“Even though it’s very frustrating that they were funded by ending the emergency allotment early, Congress did take dollars from a very temporary program to create permanent benefits for these kids,” said Lisa Davis, the senior vice president of the No Kid Hungry campaign at Share Our Strength, a nonprofit organization working to end hunger and poverty. “It’s still a very positive thing on balance.”
But some say other vulnerable populations are being overlooked.
Pauline Doty, 74, lives alone in Columbia, South Carolina, where emergency allotments lapsed at the end of January. With the emergency allotment, she hasn’t had to visit a food bank in the last three years, but she said she may need to go now that her monthly SNAP benefits have decreased from over $200 to $39.
“Thirty-nine dollars doesn’t hardly pay for even half a week of food,” she said. “I’m going to have to be more careful every time I shop.”
Doty monthly benefits dropped because the emergency allotment went away and because a bump in her Social Security benefits meant she qualified for less in SNAP funding. Her Social Security benefit is up by $80, which doesn’t make up for the loss in her SNAP payments.
The government recently issued Social Security beneficiaries the largest monthly cost of living increase in 40 years, which has had consequences for other seniors who are on SNAP, as well, disqualifying some of them from receiving SNAP altogether.
A much smaller SNAP payment requires Doty to change her purchasing habits. During the pandemic, the extra allotment allowed her to stock up on groceries and buy healthier food, including fresh produce, she said. Now, she will have to dip into her monthly Medicare and Medicaid payments for groceries, taking away money she had previously designated for products like over-the-counter medicines, supplements, shampoo and lotion.
“There have to be better solutions,” she said.
Low-income households across the country are certain to face the same dilemma, anti-hunger advocates said.
“Those families have to figure out where they’re going to pull from to be able to fill those gaps,” said Eric Mitchell, the executive director of the Alliance to End Hunger, a coalition of over 100 groups working to address the root causes of hunger. “Oftentimes those are the choices that families have to make — difficult choices between food and medicine.”
“Oftentimes those are the choices that families have to make — difficult choices between food and medicine.”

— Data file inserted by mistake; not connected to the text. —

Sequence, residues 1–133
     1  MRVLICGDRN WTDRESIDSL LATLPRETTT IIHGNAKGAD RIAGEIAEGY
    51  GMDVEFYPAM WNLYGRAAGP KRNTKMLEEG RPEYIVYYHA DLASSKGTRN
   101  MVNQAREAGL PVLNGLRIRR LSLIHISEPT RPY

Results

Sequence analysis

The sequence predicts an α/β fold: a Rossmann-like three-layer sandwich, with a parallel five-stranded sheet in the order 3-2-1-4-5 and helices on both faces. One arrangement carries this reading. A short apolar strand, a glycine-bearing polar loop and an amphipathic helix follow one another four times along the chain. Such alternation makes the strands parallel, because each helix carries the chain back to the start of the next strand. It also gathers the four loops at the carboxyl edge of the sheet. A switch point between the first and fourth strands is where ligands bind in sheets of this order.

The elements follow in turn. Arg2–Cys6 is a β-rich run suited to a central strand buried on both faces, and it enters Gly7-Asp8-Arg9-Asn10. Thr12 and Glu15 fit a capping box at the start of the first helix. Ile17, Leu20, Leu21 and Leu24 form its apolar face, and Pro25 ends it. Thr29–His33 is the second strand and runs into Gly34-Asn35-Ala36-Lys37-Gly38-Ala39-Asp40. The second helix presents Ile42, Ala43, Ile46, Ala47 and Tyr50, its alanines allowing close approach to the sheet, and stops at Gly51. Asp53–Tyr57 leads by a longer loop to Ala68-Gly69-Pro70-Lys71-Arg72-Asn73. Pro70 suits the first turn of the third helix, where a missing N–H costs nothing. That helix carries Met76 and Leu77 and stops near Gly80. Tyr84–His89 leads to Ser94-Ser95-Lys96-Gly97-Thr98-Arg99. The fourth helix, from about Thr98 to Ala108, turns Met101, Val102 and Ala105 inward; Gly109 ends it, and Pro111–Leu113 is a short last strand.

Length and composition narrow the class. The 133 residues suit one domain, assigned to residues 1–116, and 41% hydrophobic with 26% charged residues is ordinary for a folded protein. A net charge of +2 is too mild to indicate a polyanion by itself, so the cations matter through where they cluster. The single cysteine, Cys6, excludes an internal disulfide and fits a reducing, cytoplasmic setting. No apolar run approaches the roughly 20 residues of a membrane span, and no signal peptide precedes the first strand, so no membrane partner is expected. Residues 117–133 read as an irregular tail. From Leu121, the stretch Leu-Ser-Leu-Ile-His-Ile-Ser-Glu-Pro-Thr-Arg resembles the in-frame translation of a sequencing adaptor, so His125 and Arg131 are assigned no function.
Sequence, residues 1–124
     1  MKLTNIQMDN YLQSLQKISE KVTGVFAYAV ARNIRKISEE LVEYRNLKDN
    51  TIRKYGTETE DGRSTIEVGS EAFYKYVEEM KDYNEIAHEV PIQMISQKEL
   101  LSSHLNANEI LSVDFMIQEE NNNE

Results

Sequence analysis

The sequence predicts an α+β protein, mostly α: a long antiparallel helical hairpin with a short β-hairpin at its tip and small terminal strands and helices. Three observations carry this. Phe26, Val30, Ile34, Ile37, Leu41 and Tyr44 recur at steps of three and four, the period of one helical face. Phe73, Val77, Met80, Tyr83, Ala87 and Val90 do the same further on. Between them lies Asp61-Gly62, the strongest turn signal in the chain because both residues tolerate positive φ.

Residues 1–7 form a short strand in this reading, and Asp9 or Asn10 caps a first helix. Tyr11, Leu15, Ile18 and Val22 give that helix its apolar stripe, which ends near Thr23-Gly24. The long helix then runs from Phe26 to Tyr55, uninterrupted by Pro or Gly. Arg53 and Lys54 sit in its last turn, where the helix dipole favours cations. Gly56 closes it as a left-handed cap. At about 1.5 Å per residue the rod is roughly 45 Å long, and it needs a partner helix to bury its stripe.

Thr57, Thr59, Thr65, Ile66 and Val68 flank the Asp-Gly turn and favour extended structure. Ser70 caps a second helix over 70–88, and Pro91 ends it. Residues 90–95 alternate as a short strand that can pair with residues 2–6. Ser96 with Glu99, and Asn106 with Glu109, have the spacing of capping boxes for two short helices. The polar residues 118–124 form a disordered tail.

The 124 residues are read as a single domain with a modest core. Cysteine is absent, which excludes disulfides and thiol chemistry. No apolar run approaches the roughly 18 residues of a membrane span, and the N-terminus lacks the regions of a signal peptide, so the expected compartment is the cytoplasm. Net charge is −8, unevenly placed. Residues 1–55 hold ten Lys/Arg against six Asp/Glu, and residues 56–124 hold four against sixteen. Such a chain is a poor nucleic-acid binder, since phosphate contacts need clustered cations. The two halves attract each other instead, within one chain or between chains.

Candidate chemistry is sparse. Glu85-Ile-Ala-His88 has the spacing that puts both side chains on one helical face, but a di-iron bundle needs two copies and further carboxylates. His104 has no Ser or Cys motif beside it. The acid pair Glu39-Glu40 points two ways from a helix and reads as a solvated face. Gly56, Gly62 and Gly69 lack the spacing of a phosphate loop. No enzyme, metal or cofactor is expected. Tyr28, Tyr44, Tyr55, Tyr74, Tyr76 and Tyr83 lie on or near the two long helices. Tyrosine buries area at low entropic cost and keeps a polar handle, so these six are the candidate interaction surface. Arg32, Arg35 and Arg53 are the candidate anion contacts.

Michelle Sellers, 52, of Wayne County, Ohio, has diabetes and is concerned she won’t be able to eat the proper foods to manage her condition.
Just because the pandemic is no longer considered a public health emergency doesn’t mean people can buy the food they need, she said.
“This is not just a Covid issue,” Sellers said. “This is a hunger issue that’s been going on.”
An uncertain future for SNAP
Those advocating on behalf of low-income households hope to see an increase in SNAP benefits from the coming farm bill — or at least no further cuts. But it’s not clear which direction the farm bill will go.
The sweeping spending bill, which funds SNAP and some other federal food assistance programs, expires at the end of September, and it will need to be reauthorized. When it was last reauthorized in 2018, SNAP work requirements and other eligibility restrictions were sources of contention.
"There will be many people who have less and who need more."
Those who resist expanding SNAP, McGovern said, “should all try living on a SNAP budget,” adding, “You can’t.”
Doty agrees. She said she’s grateful for the surplus funds she received for nearly three years.
“It was very, very, greatly appreciated and needed,” she said. “Now, I just would say there will be many people who have less and who need more.”
CORRECTION (Feb. 3, 2023, 11:48 a.m. ET): A previous version of this article misstated that Pauline Doty had never visited a food bank. She has, but not since she received SNAP emergency allotments. The article also misstated the position of Rep. Jim McGovern, D-Mass., on the House Rules Committee. He is the ranking Democrat, not its chairman.